New Delhi: India’s solar power tariffs took a further nose dive with bidders quoting a price below Rs2.75 per unit to set up 250 megawatt (MW) of capacity at Bhadla in Rajasthan.
This price is lower than the average rate of power generated by the coal-fuelled projects of India’s largest power generation utility, NTPC Ltd, at Rs3.20 per unit.
State-run Solar Energy Corporation of India (SECI), which is running the bid process for 750MW of solar power capacity at two parks, has received price bids for the 250MW Adani Renewable Energy Park Rajasthan Ltd, with the reserve price set at Rs3.01 a unit.
“We achieved a base price of Rs3.01 per unit before the reverse auction. A total of 14 bidders have been shortlisted for this 250MW capacity. The price has already fallen below the Rs2.75 per unit mark in the reverse auction. Let’s see where does the final price go,” said a person associated with the auction process, requesting anonymity.
The auction process was on at the time of going to press.
SECI has attributed the bidders’ interest to tripartite agreements (TPAs) between the Reserve Bank of India, the Union government and the state governments, which provides comfort to power producers against payment defaults by state electricity boards (SEBs).
At Bhadla, Saurya Urja Co. of Rajasthan Ltd is also developing a 500 MW park, with SECI running the auction process for both parks. Rajasthan Renewable Energy Corp. Ltd is a joint venture partner in both.
The bidders include some first-time participants in India, such as Saudi Arabia’s Alfanar. While a total of 24 bids totaling 5,500 MW were received for the 500 MW capacity on offer, the 250 MW park saw 27 bidders totalling 3,250 MW.
The solar space has already seen a significant decline in tariffs from Rs10.95-12.76 per kilowatt-hour (kWh) in 2010-11. The previous low was Rs3.15 per kWh, bid by France’s Solairedirect SA in an auction last month to set up 250MW of capacity at Kadapa in Andhra Pradesh. This low was preceded by Rs3.30 per unit quoted for a 750MW project at Rewa in Madhya Pradesh.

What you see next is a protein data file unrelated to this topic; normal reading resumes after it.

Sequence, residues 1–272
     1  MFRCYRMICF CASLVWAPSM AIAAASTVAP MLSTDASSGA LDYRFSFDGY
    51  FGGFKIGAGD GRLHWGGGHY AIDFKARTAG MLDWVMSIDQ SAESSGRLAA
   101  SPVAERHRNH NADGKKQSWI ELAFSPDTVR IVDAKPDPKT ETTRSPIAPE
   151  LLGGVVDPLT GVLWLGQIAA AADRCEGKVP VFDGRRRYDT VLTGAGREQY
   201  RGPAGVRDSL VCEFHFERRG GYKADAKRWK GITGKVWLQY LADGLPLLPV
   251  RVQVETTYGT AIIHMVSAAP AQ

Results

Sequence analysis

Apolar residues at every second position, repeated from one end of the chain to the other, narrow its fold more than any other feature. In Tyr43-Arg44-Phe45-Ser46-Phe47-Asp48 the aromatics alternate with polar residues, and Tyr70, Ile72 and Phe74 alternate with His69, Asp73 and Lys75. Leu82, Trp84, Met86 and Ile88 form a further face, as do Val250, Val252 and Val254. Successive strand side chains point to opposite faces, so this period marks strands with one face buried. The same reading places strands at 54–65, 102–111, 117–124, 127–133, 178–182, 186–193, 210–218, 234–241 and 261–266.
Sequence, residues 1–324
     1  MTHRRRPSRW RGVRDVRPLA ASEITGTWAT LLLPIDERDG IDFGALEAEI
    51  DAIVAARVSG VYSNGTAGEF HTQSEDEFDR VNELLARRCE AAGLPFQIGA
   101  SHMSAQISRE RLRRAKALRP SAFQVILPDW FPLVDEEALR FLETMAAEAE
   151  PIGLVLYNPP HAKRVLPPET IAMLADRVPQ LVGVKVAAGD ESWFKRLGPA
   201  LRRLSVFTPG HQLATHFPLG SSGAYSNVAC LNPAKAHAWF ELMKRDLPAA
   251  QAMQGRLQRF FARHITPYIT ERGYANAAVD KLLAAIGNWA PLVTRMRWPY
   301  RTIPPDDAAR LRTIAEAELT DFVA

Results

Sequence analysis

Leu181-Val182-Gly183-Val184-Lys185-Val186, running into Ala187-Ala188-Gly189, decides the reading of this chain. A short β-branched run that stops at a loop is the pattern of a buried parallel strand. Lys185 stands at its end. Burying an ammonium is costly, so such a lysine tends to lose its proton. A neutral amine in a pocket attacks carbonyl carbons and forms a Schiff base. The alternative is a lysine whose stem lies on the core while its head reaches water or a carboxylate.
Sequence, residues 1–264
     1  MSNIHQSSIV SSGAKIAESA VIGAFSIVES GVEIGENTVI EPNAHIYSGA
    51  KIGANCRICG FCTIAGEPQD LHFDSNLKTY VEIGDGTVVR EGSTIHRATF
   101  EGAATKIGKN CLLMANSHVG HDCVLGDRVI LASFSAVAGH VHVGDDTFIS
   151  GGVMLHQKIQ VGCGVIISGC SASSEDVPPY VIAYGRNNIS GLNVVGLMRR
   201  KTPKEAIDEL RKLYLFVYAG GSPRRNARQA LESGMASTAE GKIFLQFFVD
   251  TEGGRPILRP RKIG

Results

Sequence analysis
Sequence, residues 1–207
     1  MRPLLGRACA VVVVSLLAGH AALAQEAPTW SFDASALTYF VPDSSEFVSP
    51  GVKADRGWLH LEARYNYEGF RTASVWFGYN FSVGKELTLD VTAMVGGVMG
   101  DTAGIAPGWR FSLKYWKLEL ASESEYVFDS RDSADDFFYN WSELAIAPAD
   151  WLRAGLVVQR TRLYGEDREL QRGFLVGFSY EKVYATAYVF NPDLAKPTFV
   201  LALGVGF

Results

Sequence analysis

Experts believe that the prices may further fall.
“It is a very positive sign for Indian market. It will go further down. Some reports have also indicated that the price per unit can go below Rs2 per unit but whether in next 2 years of five years it is difficult to say right now. The faster it goes the better it is. But we need to ensure that quality does not go down,” added Rakesh Kamal, a consultant with The Climate Reality Project, an independent organisation working on climate change-related issues.
However, not everyone is happy. “This is a race to extinction. These bids are unviable. India at one point was a trail blazer at what it was doing. It is one of the top three markets globally in terms of annual generation. It is also giving the world a fright in terms of prices bottoming out,” said Gyanesh Chaudhary, managing director and chief executive at Vikram Solar Pvt. Ltd, India’s largest maker of solar photo voltaic panels.
With 8.8 gigawatt (GW) of capacity addition projected for the year ahead, India is set to become the third-biggest solar market globally in 2017, overtaking Japan, according to the India Solar Handbook 2017 released by Bridge to India (BTI) consultancy on Monday.
India’s growing green economy has been fuelled by the government’s ambition around clean energy. India plans to generate 175 gigawatts (GW) of renewable energy by 2022. Of this, 100GW is to come from solar power projects.